There were other significant political developments at the Sacramento "food fight," among them. . .


Not since Democrat Clair Engle of tiny Red Bluff served in the Senate from 1958-64 has a U.S. senator from the Golden State come from outside the Los Angeles or San Francisco Bay areas. Now, all signs are that Republican Rep. Doug Ose of suburban Sacramento will try to change that next year by taking on Democratic Sen. Barbara Boxer.

Having limited himself to three two-year terms in the House during his initial campaign in 1998, wealthy land developer Ose now is at the end of his tenure and poised to go "up or out." Most convention delegates were convinced that he will try to go "up" by seeking the GOP nomination against Boxer (lifetime American Conservative Union rating: 2%). Last fall, Ose established an exploratory committee for the Senate race and has retained the Temple-McNally consulting firm, which is closely identified with moderate Republicans. That is a good fit for Ose (lifetime ACU rating: 77%), who takes decidedly non-conservative stands on gun control, abortion, campaign finance "reform," immigration and some spending measures.

Such positions, conservatives say, make the 47-year-old Ose vulnerable to a more right-of-center candidate in the March 2004 primary. That is apparently why Republican Rep. George Radanovich (lifetime ACU rating: 96%) of the San Joaquin Valley and Darrell Issa (lifetime ACU rating: 94%) of San Diego were making Senate-candidate noises at the convention.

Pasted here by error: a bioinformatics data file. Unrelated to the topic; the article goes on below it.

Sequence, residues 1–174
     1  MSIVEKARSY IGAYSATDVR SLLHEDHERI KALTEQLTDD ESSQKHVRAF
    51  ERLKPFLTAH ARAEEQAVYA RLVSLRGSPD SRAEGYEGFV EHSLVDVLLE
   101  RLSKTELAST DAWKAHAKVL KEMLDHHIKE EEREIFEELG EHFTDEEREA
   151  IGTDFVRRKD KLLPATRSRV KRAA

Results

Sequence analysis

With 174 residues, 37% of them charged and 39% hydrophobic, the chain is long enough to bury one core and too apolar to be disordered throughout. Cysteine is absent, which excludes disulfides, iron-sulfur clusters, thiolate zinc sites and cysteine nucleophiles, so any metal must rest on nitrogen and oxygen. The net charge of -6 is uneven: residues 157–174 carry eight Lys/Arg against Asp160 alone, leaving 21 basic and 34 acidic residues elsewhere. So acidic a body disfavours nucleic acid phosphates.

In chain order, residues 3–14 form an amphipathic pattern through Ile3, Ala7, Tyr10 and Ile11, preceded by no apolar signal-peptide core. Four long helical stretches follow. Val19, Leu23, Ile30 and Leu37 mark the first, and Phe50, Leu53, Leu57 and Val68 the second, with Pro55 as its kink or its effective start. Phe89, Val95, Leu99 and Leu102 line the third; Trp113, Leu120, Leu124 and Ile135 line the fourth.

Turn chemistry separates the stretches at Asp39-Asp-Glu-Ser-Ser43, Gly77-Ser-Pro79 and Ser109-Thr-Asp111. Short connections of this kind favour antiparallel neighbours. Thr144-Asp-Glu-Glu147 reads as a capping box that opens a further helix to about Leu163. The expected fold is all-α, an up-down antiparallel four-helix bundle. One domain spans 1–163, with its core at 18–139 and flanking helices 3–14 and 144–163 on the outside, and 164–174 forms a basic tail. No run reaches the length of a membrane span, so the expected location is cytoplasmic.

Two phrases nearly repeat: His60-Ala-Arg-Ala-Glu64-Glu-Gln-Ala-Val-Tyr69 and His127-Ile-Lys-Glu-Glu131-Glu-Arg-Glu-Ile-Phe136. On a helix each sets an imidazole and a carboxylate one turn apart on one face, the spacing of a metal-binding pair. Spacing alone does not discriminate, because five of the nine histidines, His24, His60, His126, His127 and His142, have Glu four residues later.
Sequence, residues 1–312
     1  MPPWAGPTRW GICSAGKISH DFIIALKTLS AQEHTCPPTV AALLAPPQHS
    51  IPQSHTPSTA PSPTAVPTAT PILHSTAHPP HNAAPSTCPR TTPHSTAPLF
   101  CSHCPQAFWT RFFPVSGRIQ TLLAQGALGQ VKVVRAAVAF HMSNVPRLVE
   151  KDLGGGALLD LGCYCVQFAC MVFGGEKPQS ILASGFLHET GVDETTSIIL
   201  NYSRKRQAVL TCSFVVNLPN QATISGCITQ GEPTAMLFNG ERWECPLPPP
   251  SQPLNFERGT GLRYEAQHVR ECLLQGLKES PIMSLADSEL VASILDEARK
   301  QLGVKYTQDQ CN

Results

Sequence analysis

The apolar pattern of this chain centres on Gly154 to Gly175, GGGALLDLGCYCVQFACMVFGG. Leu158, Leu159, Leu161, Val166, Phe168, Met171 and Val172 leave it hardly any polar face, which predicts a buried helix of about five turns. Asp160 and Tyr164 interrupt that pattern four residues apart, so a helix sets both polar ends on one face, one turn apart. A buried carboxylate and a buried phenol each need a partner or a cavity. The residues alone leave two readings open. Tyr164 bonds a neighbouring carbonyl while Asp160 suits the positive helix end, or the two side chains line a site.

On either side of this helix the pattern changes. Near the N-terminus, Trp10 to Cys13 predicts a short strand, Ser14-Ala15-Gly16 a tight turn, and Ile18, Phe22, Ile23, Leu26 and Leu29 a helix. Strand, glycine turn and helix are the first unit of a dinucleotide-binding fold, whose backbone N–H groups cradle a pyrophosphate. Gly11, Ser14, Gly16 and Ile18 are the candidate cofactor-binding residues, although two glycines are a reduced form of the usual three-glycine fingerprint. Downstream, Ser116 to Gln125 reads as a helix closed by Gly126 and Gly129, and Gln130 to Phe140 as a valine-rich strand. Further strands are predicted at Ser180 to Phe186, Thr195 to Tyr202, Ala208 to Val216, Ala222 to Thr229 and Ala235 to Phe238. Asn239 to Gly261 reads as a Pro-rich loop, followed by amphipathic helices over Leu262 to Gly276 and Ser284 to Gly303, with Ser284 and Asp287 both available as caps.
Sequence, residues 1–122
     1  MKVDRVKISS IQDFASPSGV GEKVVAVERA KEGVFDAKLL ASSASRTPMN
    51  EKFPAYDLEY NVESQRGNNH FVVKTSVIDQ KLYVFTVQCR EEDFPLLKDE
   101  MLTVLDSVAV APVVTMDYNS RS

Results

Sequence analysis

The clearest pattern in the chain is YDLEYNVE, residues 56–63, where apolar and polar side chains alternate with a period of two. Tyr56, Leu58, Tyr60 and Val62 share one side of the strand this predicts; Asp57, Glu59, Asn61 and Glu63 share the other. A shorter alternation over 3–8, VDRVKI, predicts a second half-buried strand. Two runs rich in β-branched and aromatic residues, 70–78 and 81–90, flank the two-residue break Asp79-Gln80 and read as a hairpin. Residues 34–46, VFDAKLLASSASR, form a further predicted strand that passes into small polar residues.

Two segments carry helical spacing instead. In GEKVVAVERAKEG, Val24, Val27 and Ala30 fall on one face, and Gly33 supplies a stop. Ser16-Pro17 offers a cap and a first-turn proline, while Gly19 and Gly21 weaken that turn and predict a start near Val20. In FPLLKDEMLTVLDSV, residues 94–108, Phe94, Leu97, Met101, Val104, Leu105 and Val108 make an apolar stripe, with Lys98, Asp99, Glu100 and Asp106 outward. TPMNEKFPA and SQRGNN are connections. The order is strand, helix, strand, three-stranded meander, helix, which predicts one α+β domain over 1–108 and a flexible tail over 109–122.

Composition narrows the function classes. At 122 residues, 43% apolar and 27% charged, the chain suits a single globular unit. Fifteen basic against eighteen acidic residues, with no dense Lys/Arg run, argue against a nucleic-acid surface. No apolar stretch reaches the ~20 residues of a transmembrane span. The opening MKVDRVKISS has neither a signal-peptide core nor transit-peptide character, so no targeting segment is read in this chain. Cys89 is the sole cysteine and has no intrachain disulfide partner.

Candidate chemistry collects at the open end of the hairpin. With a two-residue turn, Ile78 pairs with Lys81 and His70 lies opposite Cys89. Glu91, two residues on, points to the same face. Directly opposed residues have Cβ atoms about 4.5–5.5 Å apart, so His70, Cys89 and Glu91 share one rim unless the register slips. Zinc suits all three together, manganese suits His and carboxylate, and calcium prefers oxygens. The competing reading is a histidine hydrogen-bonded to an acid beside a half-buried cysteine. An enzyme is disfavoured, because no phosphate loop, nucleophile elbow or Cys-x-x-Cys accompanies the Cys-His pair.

"The more I explore this, the more optimistic I get," Radanovich told the Sacramento Bee during the convention. Issa told me that he "has no timetable" on deciding on the Senate race and that he might also consider a bid for governor if incumbent Gray Davis is recalled this fall. In his words. "We have the worst U.S. senator in the nation and the worst governor in the nation."

Postscript: Whether Ose runs for the Senate or not, GOP speculation is already rampant about the 3rd District House seat he has promised to relinquish next year. Conservative State Sen. Rico Oller, who has been in the forefront of opposition to Gov. Davis’s tax increases, told me, "I’m sure going to look at it [the open House district]." Oller, who also takes decidedly conservative positions on social issues, now represents a Senate district that is 80% of Ose’s House district.

The only other Republican so far mentioned as a House candidate in the 3rd is Sacramento County Sheriff Lou Blancas, but many conservatives are put off by Blancas’ habit of seeming to appear and be photographed as frequently as possible with Davis.